Each year, the month of March is marked as the time to honor those impacted by brain injury and promote prevention, care, research, and advocacy. For over 30 years, the Brain Injury Association of America (BIAA) has called on the nation to observe Brain Injury Awareness Month through a public awareness campaign. The campaign highlights the need for de-stigmatization of brain injury, greater empowerment for those who survived brain injury and enhanced promotion of the types of support available to those living with brain injury. This year’s theme: #ChangeYourMind.
According to the American Association of Neurological Surgeons (AANS), approximately 1.7 million people suffer from traumatic brain injuries (TBIs) each year and about 5.3 million individuals suffer from a disability resulting from a traumatic brain injury.
What is TBI?
A TBI is defined as an alteration in brain function, or other evidence of brain pathology, caused by an external force. Traumatic impact injuries can be either closed (non-penetrating) or open (penetrating). Currently, there are 5.3 million people in the United States living with a TBI-related disability. The effects of brain injury include impaired thinking and memory, movement, sensations such as vision and hearing and emotional functioning such as personality changes and depression. These effects vary based on cause of injury, location of injury and the severity of the injury.
Preventing Traumatic Brain Injuries
Not only is it important to raise awareness of the dangers associated with brain injuries, but sharing knowledge on how to prevent them can be invaluable information. Every nine seconds, someone in the United States sustains a brain injury. Paradowski Law recognizes and is proud to take part in Brain Injury Awareness Month by spreading awareness and providing tips to the public in an effort to prevent brain injury.
Motor vehicle safety
One of the first motor vehicle safety lessons we learn in life is to buckle up. We are all aware that not wearing a seatbelt could result in potentially fatal consequences, including serious brain injury, yet 27.5 million people still do not buckle up.
Make it a habit to put your seatbelt on and ensure all passengers are also buckled up before you start your vehicle.
Use an appropriate child safety seat or booster seat and have it inspected to make sure it is installed correctly.
Never drive while intoxicated or ride as a passenger with someone who is intoxicated.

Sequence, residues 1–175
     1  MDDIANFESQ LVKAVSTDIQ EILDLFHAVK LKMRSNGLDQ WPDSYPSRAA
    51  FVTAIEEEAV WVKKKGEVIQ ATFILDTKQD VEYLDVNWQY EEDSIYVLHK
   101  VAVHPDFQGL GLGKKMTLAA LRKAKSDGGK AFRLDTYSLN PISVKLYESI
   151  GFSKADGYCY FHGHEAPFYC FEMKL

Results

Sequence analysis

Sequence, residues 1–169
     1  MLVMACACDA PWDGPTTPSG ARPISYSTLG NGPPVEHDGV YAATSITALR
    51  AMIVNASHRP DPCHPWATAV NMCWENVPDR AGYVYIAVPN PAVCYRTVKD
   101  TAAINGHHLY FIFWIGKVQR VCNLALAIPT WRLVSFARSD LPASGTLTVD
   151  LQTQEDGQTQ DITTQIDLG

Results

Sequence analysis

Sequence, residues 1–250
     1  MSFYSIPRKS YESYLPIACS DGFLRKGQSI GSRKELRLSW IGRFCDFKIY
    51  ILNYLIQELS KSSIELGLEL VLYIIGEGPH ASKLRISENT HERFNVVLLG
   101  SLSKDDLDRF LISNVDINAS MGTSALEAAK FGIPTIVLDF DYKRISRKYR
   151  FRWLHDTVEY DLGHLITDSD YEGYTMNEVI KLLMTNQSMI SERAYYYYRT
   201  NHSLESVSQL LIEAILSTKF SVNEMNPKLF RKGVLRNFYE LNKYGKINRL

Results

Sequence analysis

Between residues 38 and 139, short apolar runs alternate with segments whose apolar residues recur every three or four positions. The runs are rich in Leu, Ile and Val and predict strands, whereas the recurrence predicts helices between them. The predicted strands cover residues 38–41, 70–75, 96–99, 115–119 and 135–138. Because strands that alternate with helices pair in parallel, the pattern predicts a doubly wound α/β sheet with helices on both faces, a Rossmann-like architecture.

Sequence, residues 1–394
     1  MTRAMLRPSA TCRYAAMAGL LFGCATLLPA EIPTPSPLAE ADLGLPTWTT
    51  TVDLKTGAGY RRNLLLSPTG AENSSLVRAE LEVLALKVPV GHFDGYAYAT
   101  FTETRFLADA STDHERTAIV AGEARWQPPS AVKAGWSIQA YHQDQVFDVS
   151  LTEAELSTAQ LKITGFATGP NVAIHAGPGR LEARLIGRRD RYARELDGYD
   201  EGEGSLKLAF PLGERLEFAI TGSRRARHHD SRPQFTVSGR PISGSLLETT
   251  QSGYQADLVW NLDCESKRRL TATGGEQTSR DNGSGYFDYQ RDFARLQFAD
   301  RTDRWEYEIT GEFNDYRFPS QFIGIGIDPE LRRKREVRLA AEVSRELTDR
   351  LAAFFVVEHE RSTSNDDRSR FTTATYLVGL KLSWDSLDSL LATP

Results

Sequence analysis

Wear a helmet
Studies have shown that wearing a helmet can reduce your risk of a serious brain injury. In fact, helmet use reduces the odds of a head injury by up to 50 percent.
Whether you are riding a motorcycle, a bicycle, or a scooter, always wear a helmet that fits. Keep in mind; helmets are designed specifically to an intended activity, so it is a good idea to wear the right style as helmet as well. Check the manufacturer’s instructions and guidelines before purchasing a helmet.
Falls continue to be one of the leading causes of TBIs. Young children and older adults are most at risk of suffering a TBI from a fall. Reduce the risk of falls by:
Ensuring there are hand bars and rails along with adequate lighting on stairs, especially for those who have poor vision or difficulty walking.
Make sure your loved ones visit the eye doctor at least once a year.
Encourage regular exercise as it improves strength, balance and coordination.
Supervision is key to preventing falls in young children. Whether your child is inside at home or playing outside, they should be supervised at all times around fall hazards.
Aside from being struck by a vehicle, pedestrians can suffer TBIs in other ways such as: a slip, trip, or fall due to dangerous conditions on sidewalks or properties.
Walking distracted is just as dangerous as distracted driving. Avoid looking down at your cell phone while walking, especially when crossing the street.
Make eye contact with drivers who are stopped to be sure they are aware you are about to cross the street.
Obey all traffic signs and signals.
Team sports safety
Taking part in a team sport can be very beneficial as it keeps you physically active and can teach sportsmanship and discipline. On the downside, playing sports puts athletes at risk of head injuries that cause the brain to move quickly back and forth.
Athletes should wear appropriate protective equipment that fits properly.
Athletes should understand safe playing techniques and follow the rules of the game.
Coaches and parents should learn how to detect signs and symptoms of a concussion.
Athletes with suspected head injuries should not return to play until they are evaluated by a healthcare professional.
Contact Paradowski Law After an Accident
Traumatic brain injuries affect millions of people every year. Therefore, it is pertinent to understand their causes, effects, and how to seek help after. While there are several ways to decrease your chances of sustaining a TBI, you may still receive an injury due to no fault of your own.
If you were injured due to the negligence of someone else and suffered a TBI as a result, we can help you recover compensation for medical bills, injuries, and pain and suffering. Do not hesitate to contact our skilled team today. Call us at (855) 524-2976 to schedule a consultation.